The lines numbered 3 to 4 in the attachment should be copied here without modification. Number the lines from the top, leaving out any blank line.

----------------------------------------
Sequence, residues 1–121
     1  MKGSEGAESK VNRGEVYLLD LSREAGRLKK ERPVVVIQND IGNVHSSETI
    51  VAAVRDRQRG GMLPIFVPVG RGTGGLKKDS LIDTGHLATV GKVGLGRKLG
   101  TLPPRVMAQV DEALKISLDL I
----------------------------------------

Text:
    51  VAAVRDRQRG GMLPIFVPVG RGTGGLKKDS LIDTGHLATV GKVGLGRKLG
   101  TLPPRVMAQV DEALKISLDL I